CORVALLIS - If space travel to Mars ever really happens, it could be due in part to the work of undergraduate students at Oregon State University and Western Oregon University - they have an idea for a way to use nuclear power in a propulsion system that could cut a trip to that planet from eight months to about 80 days.

This may seem a little ambitious for engineering and other students who don't even have a bachelor's degree yet, but NASA officials are impressed enough with their work and proposal that they plan to test it soon in their program for Reduced Gravity Student Flight Opportunities.

And some of the students involved say this is just their first step in work that they hope will produce a career in space research and exploration.

"This is pretty exciting and a little intimidating," said Marci Whittaker-Fiamengo, a senior in nuclear engineering at OSU, who recently finished an internship with the Advanced Space Propulsion Laboratory at the Johnson Space Center in Texas.

"But I want to build the reactor that takes us to Mars."

Whittaker-Fiamengo and Dan Wittmer, an OSU senior in electrical engineering, are leaders in the OSU-WOU Microgravity Flight Team, a group of Oregon students whose research proposals garnered two of the available 50 spots - out of 300 applications - for participation in this NASA program that encourages involvement in space-related research by university students.

One of the many challenges of a trip to Mars is the enormous distances involved and the long time frame needed to get there, especially using conventional rocket propulsion concepts that are essentially a large initial thrust, followed by extended coasting at whatever speed has been achieved.

By contrast, the OSU and WOU students are working on a combination of sustained electric and thermal propulsion, both powered by a nuclear reactor that could operate for extended periods. They eventually will test their prototype in NASA's famed "vomit comet," a large aircraft used for research to simulate weightlessness in long, looping dives.

"Everyone who has seriously considered the issue realizes we need to use nuclear power for some of our space goals, including long distance travel to other planets, or the ability to turn around in mid-mission and have the power to return to Earth," said Whittaker-Fiamengo. "Part of the need here is to convince the public that this is a safe, viable option. Then we need to create systems that could work."

Toward that goal, the Oregon students are trying to help develop a nuclear reactor that could be used to power a "plasma rocket." This propulsion system uses magnets and radio antennas along with gas injection to create hot plasma that can be ejected as a propellant. It incorporates "fluidized bed" technology that OSU researchers have helped pioneer, and one of the things the students will test is how fast a bed of particles needs to be rotated to become fluidized in a zero gravity condition, and thereby optimize heat transfer.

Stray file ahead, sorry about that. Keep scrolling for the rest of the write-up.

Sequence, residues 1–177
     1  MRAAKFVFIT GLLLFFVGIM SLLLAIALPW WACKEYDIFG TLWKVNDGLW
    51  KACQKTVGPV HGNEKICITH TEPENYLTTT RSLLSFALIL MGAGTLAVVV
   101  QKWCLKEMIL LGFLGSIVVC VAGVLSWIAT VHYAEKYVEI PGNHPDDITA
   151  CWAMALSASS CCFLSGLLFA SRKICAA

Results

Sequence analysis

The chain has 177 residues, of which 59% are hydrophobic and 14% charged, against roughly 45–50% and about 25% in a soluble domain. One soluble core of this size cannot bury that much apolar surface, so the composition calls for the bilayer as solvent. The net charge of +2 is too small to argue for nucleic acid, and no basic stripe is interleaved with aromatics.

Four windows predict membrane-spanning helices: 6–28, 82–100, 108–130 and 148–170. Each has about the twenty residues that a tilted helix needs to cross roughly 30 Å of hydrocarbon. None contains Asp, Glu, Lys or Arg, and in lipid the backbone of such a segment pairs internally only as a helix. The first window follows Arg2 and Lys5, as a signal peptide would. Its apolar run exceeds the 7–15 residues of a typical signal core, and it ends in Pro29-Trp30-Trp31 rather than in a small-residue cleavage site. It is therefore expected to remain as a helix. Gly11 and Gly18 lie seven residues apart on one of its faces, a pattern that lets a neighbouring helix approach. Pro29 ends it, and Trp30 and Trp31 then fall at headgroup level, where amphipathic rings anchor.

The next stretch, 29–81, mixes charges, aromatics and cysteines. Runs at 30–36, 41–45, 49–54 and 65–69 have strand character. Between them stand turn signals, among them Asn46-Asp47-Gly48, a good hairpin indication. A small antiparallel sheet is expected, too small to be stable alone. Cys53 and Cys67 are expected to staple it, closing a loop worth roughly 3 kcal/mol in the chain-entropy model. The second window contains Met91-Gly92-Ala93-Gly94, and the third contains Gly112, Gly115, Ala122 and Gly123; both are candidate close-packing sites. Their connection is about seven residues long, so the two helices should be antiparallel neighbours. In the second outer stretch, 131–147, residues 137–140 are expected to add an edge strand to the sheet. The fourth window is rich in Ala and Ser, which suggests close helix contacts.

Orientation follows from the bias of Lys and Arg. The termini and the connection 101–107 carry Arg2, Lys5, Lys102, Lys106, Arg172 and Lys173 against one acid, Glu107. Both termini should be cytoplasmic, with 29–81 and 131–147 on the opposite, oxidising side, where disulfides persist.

Simple as that.

Work such as this - which has already included collaboration with experts at such prestigious institutions as the Los Alamos National Laboratory and Massachusetts Institute of Technology - may seem a little highbrow for undergraduate students. But it's part of OSU's commitment to encouraging undergrads to participate in an original research experience. So far, the project has been supported by $30,000 from OSU and other sources. And it's gotten considerable interest from NASA, which has a limited budget to consider the use of nuclear propulsion technologies in space.

"The faculty here in the College of Engineering have been very supportive and incredibly helpful," said Wittmer, who graduates in June and hopes to work at NASA. "This is exciting work, and one of the most enjoyable parts of the project is sharing it with even younger students." The OSU and WOU students are making a number of visits to K-12 classes in Eugene, Lebanon, Monmouth, the Portland area and other parts of the state to discuss this project and the careers possible in space research, and "sometimes the kids get so excited when we're talking with them that they just scream out questions," Wittmer said.

And the research experience isn't even confined to university students - one member of the team is Kathryn King, an unusually ambitious and bright high school junior from Keizer, Ore., who's helping prepare technical diagrams for the project.

Needless to say, all of the students involved are strong advocates for continuing the nation's commitment to space exploration.

"It's pretty clear that public support for interplanetary travel and other space research is declining, and that's unfortunate," Whittaker-Fiamengo said. "The U.S. seems to be losing interest while countries such as China are planning a manned mission to the moon."

"There's just so much value to space research that we need to look to the future, think of the long-term rewards more than we do," she said. "And it's a great tool to motivate young students with an interest in science. Some of what we're doing right now with the Mars Rovers is inspiring kids in classrooms all over this country."


Dan Wittmer, Marci Whittaker-Fiamengo

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